SANTA CLARA, Calif. — Ahmad Brooks' penalized hit on Saints quarterback Drew Brees continues to draw ire around the league, from the likes of 49ers defensive coordinator Vic Fangio to even NFC West foe Carson Palmer of the Arizona Cardinals.
Much of that talk centered on a quarterback's "strike zone" — the permitted, upper-body area where they can be hit — and whether Brooks indeed hit that on his fumble-forcing sack late in the 49ers' 23-20 loss Sunday at New Orleans.
"In real time, he hit the guy in the right place," Fangio said Tuesday morning on KNBR 680. "You talk about the strike zone, when you hit quarterbacks. He hit him within the strike zone. Then the impact of the hit and everything that preceded it was just the natural flow of the play.
"So for him to be penalized for that, I think is wrong. And if it's the right call, then it's a flaw in the rule."
Brooks' right arm hooked across Brees' upper body, impacting his right shoulder and sliding up to the quarterback's neck, which is an off-limits region according to the rulebook that calls for a 15-yard, personal-foul penalty.
Dean Blandino, the NFL's Vice President of Officiating, stood by the call and claimed Brooks' arm was "clearly around the neck" of a "defenseless" quarterback.
"You can't make forcible contact to the head or the neck area, even if the contact starts below the neck and rises up," Blandino said on the NFL Network. "If there's force to that contact, it's a foul. Watch the initial contact, maybe around the shoulder, but it rides up into the neck area and brings the quarterback down with force."
Blandino was not available for further comment, as this newspaper requested an interview through a league spokesman.
Brooks, teammates and several league observers disagreed with the call. Coach Jim Harbaugh said Monday he thought Brooks hit Brees at an acceptable point and that didn't merit a negative grade among 49ers coaches.
Added Fangio: "When a 265-pound guy hits a much smaller guy, there's going to be impact, there's going to be head-whip. "& I definitely don't want to take the aggressiveness away from our players. He was being aggressive legally on the impact of the hit."
On Tuesday, Brees told ESPN.com that Brooks is a "hard-nosed, clean football player," but that the play obviously merited a penalty. "I can tell you how I felt when I got hit. It felt like I got my head ripped off," Brees said. "And I get up and I've got a mouth full of blood. So there was no doubt in my mind that, 'Hey, it's gonna be a penalty.'"?"
Protecting quarterbacks has taken on added emphasis by the league in recent years with the adoption of stricter rules guarding against injury-causing hits.
The Cardinals' Palmer appreciates the improved safety measures but sympathized with Brooks' plight.
"If I look at it objectively, maybe you wouldn't call it as a penalty," Palmer said on "The Dan Patrick Show" on the NBC Sports Network. "But defensive ends and defensive players know that the way quarterbacks are protected these days, you've got to do what you can to keep your arms down, keep your head up and make that contact around the numbers."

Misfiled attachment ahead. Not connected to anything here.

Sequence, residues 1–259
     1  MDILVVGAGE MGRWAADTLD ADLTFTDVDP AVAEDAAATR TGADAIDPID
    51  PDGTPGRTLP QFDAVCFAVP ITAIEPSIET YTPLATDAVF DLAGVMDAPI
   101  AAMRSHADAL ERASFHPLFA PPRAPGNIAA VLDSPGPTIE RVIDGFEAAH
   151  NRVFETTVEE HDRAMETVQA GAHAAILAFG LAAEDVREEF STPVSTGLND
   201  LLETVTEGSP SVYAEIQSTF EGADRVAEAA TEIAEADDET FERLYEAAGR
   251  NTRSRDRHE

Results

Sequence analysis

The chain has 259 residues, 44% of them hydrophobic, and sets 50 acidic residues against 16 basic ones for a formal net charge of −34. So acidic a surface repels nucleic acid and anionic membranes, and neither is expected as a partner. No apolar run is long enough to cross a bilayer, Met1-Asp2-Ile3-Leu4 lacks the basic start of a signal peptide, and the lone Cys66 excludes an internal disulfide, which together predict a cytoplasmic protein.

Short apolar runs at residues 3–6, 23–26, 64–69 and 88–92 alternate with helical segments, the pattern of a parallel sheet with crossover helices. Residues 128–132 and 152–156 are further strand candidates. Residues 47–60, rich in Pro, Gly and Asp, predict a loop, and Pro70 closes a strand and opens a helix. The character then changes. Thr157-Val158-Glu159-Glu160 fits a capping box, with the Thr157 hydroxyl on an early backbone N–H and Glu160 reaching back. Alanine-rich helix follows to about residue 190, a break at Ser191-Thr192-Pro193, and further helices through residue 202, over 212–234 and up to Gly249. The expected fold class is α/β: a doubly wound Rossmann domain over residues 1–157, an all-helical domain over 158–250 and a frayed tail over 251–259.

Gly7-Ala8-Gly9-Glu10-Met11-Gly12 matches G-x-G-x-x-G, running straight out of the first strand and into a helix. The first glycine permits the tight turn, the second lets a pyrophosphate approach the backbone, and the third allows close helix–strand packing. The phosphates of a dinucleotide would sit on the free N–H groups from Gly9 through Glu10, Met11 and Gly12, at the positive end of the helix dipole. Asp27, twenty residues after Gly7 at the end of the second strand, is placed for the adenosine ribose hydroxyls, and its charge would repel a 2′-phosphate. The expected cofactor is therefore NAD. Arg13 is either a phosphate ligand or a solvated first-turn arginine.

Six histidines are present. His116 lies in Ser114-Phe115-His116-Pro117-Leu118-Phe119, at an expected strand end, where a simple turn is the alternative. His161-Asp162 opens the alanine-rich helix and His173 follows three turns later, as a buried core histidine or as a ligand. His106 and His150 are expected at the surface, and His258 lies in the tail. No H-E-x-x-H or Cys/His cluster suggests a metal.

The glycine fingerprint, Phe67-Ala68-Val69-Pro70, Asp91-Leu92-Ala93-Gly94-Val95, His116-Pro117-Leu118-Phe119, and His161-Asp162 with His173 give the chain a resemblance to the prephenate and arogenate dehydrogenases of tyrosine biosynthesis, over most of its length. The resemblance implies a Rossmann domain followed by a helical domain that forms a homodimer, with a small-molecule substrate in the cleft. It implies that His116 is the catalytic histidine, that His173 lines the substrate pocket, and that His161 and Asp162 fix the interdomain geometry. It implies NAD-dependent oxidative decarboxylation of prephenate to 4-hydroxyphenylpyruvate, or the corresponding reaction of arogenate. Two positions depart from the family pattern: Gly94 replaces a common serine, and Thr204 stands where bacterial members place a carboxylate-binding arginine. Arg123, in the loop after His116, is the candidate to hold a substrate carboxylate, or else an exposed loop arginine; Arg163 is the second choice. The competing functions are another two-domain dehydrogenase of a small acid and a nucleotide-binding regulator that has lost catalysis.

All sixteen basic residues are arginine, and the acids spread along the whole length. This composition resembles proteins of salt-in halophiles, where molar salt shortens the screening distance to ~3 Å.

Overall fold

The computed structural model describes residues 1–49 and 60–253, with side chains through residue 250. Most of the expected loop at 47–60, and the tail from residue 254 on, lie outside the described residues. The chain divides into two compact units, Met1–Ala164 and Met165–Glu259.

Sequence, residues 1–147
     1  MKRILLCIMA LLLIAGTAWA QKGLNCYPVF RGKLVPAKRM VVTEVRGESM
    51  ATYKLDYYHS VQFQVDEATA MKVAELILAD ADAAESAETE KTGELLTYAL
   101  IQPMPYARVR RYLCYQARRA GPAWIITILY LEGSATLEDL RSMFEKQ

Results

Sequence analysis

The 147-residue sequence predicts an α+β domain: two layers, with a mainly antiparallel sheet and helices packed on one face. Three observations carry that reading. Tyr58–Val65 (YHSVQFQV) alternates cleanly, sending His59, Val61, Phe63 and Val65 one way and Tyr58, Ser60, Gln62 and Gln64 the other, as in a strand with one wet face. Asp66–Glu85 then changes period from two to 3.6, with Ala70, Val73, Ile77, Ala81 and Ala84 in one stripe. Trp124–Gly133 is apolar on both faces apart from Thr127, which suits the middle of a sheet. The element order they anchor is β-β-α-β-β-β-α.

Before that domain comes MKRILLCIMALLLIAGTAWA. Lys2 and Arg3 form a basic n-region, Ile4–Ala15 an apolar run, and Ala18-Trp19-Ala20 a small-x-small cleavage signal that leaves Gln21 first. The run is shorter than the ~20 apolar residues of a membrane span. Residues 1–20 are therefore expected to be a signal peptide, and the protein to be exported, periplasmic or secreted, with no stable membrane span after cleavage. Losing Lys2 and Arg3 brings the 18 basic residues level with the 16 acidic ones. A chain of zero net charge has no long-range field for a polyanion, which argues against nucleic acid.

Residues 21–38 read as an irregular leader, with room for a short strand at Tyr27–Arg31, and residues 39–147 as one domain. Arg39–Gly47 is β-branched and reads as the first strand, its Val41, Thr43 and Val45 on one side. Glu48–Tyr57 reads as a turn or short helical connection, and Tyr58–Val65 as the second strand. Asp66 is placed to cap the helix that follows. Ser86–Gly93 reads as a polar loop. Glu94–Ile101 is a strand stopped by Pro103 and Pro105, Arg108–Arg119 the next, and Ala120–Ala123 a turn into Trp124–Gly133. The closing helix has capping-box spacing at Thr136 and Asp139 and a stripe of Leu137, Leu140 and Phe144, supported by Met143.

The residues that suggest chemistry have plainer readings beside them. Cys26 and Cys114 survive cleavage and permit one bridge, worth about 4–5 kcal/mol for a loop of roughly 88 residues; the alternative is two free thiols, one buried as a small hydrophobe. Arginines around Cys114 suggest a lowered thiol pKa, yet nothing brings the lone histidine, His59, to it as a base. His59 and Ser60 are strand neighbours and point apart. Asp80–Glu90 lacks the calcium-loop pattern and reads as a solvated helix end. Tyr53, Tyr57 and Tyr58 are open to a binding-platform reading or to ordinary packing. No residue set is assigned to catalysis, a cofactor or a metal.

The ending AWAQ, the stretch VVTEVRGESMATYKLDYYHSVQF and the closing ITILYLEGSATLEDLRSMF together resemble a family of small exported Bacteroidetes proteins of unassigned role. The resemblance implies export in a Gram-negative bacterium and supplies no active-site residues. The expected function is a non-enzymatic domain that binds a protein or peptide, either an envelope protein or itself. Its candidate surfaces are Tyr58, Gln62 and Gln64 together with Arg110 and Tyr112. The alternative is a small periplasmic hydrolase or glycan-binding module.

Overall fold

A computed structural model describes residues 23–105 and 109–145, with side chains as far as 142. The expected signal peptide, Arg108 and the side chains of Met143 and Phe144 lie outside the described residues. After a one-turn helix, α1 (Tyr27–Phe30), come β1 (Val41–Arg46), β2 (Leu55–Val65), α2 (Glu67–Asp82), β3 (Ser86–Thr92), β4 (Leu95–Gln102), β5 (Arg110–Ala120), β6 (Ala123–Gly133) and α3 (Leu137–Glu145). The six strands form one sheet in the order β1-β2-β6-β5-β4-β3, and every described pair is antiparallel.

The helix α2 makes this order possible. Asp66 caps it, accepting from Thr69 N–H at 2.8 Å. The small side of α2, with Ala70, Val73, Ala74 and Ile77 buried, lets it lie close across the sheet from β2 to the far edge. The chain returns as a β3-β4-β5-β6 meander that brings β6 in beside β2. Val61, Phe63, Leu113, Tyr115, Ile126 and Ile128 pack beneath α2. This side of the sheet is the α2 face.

Brooks, amid his postgame rant, wondered what he could have done differently. Then he added: "I guess I could have tackled him lower."
Former NFL sack specialist Michael Strahan called it a "clean hit." Strahan, a Fox Sports analyst, said on ESPN's "Mike & Mike" that the play initially looked bad, then added: "But when you actually had a chance to see it, that was so far from a penalty, in my opinion, on what a penalty should be. "& We understand it's a quarterback-driven game, but you've got to give some respect to the guys on the defensive side."
Added "Mike & Mike" co-host Mike Golic: "By the letter of the law, I get it's a penalty. But I'm so unhappy it's a penalty in the NFL today."
Two other ESPN personalities, retired linebackers Ray Lewis and Tedy Bruschi, have offered to fund Brooks' potential fine from the NFL. A day after Lewis offered up his credit card on the "Monday Night Football" set, Bruschi did so on "SportsCenter.
- Left guard Mike Iupati sprained the medial collateral ligament in his left knee Sunday, a league source confirmed. Iupati has started every game since his debut in the 2010 season opener. Adam Snyder likely would replace Iupati in Sunday's lineup at Washington, but Dan Kilgore is another option. Joe Looney, a 2012 fourth-round draft pick, has yet to make his career debut.
- Cornerback Tarell Brown reportedly spent Sunday night in a New Orleans hospital after sustaining what's been called "at least cracked ribs," according to NFL.com. Brown, who's started every game at right cornerback since 2011, was hurt making a goal-line tackle in the second quarter.
- While teams have combined for the most points in NFL history through 11 weeks, the 49ers rank 12th in scoring at 24.7 per game.
)2013 Contra Costa Times (Walnut Creek, Calif.)
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